It is not uncommon to find some UXOs out there and during the time we spent skulking around we located, marked and called in several when we came across them. If you have any doubt that UXOs aren't very real threats just google this = "Large World War II-Era Bomb Explodes in Polish River." This is a bomb that sat, submerged for....ahh....well you do the math. BOOM!

But more to the point, we also found a lot of exploded shells which come apart in an interesting variety of ways. There seems to be no actual predictability to how they self destruct but the evidence left behind always stokes the imagination.

I have a fat 50 ammo box around here somewhere filled with shrapnel...big and little. The largest is a nightmarish, tortured piece of metal that reminds me of a torqued boomerang and the edges...EVERY ONE, are still razor sharp to this day. It only fits in the box diagonally so that is...um, something like 12" long. Whipsawing through the air it would easily cut a man in half. Add that to the list of things I'd love to share a picture of, here. If I stumble upon it, I'll take a pic.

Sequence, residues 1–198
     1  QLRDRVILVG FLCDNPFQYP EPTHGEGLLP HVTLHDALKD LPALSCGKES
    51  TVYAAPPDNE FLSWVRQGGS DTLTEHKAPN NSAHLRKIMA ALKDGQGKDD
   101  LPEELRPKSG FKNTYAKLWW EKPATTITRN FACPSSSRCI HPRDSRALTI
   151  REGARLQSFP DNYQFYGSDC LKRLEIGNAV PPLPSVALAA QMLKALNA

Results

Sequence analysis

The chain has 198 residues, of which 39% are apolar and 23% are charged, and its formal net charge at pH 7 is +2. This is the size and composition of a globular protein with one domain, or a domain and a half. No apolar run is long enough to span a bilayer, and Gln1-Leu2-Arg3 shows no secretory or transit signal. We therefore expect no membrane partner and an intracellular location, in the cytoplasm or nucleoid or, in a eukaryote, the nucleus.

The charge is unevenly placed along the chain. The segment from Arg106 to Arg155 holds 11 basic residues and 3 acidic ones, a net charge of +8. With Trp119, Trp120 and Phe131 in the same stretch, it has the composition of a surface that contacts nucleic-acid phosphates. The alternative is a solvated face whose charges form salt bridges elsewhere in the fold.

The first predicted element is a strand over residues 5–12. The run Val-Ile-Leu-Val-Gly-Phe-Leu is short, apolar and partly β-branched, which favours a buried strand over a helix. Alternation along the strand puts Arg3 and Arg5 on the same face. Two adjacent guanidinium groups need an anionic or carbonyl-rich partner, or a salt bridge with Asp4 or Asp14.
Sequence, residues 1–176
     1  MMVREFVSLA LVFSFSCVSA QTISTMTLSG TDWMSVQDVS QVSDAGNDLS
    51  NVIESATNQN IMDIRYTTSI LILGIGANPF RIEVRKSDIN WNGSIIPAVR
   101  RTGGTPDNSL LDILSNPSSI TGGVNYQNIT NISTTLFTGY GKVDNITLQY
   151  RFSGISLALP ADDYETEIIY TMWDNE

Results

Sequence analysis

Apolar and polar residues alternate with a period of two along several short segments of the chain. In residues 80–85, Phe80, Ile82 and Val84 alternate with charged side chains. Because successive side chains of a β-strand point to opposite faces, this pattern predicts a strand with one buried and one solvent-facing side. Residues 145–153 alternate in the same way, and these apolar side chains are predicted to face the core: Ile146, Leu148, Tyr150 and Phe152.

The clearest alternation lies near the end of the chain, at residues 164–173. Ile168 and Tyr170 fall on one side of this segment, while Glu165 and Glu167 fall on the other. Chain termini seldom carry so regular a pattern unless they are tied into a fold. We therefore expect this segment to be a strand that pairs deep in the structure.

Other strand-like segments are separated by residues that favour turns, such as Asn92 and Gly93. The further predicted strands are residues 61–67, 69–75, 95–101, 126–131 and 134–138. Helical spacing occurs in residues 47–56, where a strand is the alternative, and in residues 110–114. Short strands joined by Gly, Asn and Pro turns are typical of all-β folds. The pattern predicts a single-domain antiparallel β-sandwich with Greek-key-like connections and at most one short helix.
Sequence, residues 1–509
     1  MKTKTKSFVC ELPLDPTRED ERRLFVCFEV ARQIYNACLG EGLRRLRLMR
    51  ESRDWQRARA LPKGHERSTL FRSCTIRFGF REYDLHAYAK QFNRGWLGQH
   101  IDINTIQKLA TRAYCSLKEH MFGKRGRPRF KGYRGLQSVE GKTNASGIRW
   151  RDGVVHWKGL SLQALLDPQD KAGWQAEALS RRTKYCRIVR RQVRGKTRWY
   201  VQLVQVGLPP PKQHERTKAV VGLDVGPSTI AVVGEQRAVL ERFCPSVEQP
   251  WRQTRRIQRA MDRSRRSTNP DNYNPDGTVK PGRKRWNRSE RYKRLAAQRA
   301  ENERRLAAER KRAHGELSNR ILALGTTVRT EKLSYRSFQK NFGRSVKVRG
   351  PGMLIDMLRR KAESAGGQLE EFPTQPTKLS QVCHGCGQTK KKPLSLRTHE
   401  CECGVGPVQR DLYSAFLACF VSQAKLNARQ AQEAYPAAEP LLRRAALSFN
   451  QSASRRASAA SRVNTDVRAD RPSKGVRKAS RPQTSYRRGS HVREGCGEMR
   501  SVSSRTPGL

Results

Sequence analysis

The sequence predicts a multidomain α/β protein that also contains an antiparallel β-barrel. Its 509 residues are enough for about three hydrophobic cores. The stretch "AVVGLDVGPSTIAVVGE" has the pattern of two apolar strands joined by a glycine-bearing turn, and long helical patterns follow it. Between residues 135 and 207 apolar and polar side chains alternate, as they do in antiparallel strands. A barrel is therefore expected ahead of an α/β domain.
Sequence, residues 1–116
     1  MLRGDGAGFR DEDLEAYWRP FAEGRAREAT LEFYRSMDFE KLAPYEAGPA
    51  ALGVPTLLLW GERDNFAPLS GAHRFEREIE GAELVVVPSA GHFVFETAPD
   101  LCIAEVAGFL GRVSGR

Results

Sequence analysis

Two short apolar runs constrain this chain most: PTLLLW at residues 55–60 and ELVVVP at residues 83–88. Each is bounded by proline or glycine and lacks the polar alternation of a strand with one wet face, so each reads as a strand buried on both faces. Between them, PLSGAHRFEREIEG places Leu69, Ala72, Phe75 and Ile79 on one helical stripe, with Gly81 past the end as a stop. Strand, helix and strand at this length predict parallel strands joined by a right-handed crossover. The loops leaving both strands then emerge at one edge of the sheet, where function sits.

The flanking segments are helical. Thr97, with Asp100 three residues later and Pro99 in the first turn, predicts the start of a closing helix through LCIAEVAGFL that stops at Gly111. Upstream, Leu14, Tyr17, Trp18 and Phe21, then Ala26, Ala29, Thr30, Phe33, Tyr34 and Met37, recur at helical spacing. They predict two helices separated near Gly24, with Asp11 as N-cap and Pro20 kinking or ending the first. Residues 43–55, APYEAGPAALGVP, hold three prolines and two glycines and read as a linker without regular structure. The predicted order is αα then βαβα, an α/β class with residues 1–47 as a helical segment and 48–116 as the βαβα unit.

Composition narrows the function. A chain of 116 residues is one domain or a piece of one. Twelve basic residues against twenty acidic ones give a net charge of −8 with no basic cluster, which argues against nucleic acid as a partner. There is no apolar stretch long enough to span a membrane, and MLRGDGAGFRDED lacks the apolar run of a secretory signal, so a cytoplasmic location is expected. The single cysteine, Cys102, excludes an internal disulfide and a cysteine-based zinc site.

Now, if you are good little boys and girls, maybe at some point I'll share with you one of my epic near misses with death as a youth. Dad was a Civil War buff and he once brought home a real Civil War UXO...never dreaming that his first born son would get his grubby little hands on it and do something really, REALLY stupid...

Cheers,
TJ

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Re: Gamma Goat

Post by acudanut » November 1st, 2020, 11:17 am

Speaking of armor. Have you seen the Movie called T-34. Great movie. All in Russian, but has English in subtitle. I can't hear worth a damn anyway, so I don't mind reading.

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Re: Gamma Goat

Post by m3a1 » November 1st, 2020, 1:27 pm

I did see that movie. It was great fun to watch.

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Re: Gamma Goat